Fallon admits 'we got it wrong' as Pearson shares plunge

Fallon admits 'we got it wrong' as Pearson shares plunge

Pearson's c.e.o. John Fallon has been forced to defend his position after admitting the company "got it wrong" last year, resulting in revisions to its 2017 forecast and dividend yesterday (18th January), and the withdrawal of its ambitious £800m profit target for 2018.

Shares dived by almost 30%, wiping nearly £2bn from its stock market value when Pearson released a profit warning in its January trading update yesterday morning, blaming "uncertain and challenging markets" for starting the year £180m below expected profitability. At the same time, it announced it wanted to sell its 47% stake in trade publisher Penguin Random House.

According to Fallon, the company firstly underestimated declines in college enrolments, caused by both economic and policy-related factors, and secondly, while enrolments were down, it didn't anticipate that the revenue per enrolment, which was "very, very steady for years", to drop "suddenly" in 2016. On top of this, a further threat to the business has emerged from a "worse than anticipated" rise in textbook rentals.

"We got two big calls wrong last year, along with many other people," said Fallon in a call with media. "We thought college enrolments had stabilised and they didn't; we had seen revenue per enrolment stable for years and we thought that would continue, and that didn't either. 

“This is a tough time for the company, we have to move urgently and decisively. All I and the rest of my team is focusing on is getting on with delivering the plan we agreed with the board yesterday and which we shared with the market this morning."

He added: "I am accountable, I fully accept that accountability, the fact we got those things wrong last year. I am also accountable for leading the company through what is a far more difficult period than anyone could have imagined, and I don't have time to do anything else other than to focus on what the board has asked me to do, and that's what I'm going to carry on doing."

Assuming that the downward pressures on its North American education business would continue, Pearson said it would be accelerating its shift to digital. This will include launching its own print rental program for courseware and reducing e-book rental prices by up to 50%. With an additional £50m investment, the company plans to simplify its product technology platform and enhance its courseware service capabilities accelerating its "product roadmap" by two years and driving faster adoption of institution-wide digital access to Pearson courseware.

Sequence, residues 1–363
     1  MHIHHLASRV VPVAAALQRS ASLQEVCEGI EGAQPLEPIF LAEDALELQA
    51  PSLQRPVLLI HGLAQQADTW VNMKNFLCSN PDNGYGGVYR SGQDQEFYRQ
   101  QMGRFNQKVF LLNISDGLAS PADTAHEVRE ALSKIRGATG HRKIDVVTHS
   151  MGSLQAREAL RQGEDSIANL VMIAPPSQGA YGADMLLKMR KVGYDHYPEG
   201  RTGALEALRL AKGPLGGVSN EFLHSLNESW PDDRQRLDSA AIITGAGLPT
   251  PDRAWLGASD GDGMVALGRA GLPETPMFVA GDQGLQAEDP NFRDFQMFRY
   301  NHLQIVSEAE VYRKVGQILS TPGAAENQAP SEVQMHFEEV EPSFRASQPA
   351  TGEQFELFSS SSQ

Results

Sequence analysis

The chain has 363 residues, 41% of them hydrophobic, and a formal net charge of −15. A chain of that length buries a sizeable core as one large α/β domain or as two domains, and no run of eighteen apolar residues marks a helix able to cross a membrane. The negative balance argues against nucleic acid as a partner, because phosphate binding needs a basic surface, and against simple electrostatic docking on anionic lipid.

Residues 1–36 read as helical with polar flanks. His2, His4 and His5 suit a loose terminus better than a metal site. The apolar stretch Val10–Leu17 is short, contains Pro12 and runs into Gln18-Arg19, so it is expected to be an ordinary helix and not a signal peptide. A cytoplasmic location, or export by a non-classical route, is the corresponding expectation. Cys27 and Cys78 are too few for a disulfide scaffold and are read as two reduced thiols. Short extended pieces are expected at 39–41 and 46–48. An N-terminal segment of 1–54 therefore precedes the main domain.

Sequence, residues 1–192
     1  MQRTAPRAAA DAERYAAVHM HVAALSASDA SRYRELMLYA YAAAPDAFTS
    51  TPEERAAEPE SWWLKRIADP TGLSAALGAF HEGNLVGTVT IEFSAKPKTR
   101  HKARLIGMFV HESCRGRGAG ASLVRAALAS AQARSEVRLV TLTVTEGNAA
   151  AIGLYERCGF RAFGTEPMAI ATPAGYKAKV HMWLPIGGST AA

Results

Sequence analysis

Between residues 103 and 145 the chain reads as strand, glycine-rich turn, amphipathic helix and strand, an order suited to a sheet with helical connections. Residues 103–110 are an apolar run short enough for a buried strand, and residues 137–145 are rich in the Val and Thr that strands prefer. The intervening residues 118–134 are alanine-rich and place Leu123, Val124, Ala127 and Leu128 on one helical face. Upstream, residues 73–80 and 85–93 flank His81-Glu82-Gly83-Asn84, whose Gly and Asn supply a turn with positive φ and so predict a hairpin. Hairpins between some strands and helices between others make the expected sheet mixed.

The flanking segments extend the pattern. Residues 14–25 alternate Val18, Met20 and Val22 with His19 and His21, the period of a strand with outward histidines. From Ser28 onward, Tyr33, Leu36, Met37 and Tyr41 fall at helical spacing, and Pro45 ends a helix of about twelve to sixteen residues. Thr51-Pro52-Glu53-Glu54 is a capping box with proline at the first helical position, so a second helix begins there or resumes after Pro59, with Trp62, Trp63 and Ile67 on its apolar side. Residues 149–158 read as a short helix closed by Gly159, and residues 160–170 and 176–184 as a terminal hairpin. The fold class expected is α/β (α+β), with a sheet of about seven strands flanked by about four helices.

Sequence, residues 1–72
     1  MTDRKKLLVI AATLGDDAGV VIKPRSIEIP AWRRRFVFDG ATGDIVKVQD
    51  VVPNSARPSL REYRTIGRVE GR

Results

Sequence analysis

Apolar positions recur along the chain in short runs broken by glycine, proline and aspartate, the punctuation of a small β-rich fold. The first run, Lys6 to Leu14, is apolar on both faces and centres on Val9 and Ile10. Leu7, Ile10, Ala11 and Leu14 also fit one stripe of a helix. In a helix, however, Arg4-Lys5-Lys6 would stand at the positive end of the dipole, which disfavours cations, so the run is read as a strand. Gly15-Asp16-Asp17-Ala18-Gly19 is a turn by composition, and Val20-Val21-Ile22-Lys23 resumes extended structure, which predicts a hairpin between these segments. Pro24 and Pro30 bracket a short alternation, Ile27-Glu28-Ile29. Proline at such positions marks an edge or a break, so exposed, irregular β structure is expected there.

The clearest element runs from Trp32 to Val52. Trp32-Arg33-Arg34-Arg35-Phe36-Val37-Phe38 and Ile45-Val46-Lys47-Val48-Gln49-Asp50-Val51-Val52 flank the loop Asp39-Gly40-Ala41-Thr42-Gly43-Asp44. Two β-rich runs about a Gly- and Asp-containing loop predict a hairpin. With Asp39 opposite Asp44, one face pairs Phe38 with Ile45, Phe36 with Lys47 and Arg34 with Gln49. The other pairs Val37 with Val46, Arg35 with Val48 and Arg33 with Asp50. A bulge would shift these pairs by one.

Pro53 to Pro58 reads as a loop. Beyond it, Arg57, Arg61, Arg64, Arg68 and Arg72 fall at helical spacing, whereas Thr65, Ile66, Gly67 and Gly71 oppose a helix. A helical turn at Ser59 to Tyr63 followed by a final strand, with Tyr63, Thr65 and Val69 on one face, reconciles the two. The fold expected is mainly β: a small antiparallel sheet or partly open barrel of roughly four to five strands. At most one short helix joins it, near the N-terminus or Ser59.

Fallon said the company had a "significant technology deficit" only a few years ago and that its accelerated transition to digital would make the business "more reliable". 

"A business that is 75% digital is a more reliable, repeatable, secure business to grow and we've got to get on and do that as quickly we can," said Fallon, "But we have to acknowledge enrolments will continue to decline and the impact of the rental market will continue to increase; we are still going to be dealing with 5-6% underlying decline in demand in our biggest and profitable business for the next two years. There's no getting around it, and the single most important thing is to acknowledge that issue and to get on with getting to the future as quickly as we can." 

Pearson announced during yesterday’s trading update that it would be selling its 47% stake in Penguin Random House to maintain a strong balance sheet, invest in the business and return excess capital to shareholders - a process that has begun by issuing an exit notice to its joint venture partner Bertelsmann, PRH's majority owner. 

Pearson sought to reassure media that the move, if agreed, would not impact on PRH staff or authors in any way and that it was an “economic decision”, unrelated to the quality of PRH’s performance, of which Fallon said he was “proud”.

"I don't think it will have any impact on publishers or authors," said Fallon. "We are very proud of the brilliance of the publishing of Penguin and its commercial success. We are really pleased to see how much it has flourished and prospered. We have every confidence in Tom Weldon and Markus Dohle; I think they did a very good job of leading the business, so [the sale] is not related to that in any shape or form."

Pearson's decision to trigger its notice of exit is an economic one, said Coram Williams, chief financial officer for Pearson and a former c.f.o. for PRH, explaining that the time was right to sell in line with the opening of the contractual window to do so (the next opportunity would be in 2019). The stabilisation of the Penguin Random House business, following the completed integration between Penguin and Random House and the impact of e-book term negotiations levelling out, also make it a good time to sell the stake.

Williams said: "Penguin Random House is in very good shape...I think this is an economic decision on Pearson's part, which will not have an impact on Penguin Random House, which is a great company." 

Bertelsmann has responded to the news by saying that it is “open” to increasing its stake in PRH. A further Q&A with Bertelsmann c.e.o. Thomas Rabe posted on the publisher's intranet emphasised the company’s interest in gaining shares had been “repeatedly expressed” and that it was fully “prepared” for Pearson’s exit notice.

Whatever the changes at shareholder level, it will have “no impact” on daily operations, Rabe said. He promised Bertelsmann would “do everything to guide this business to further growth."

"This applies to every conceivable new shareholder structure," he said.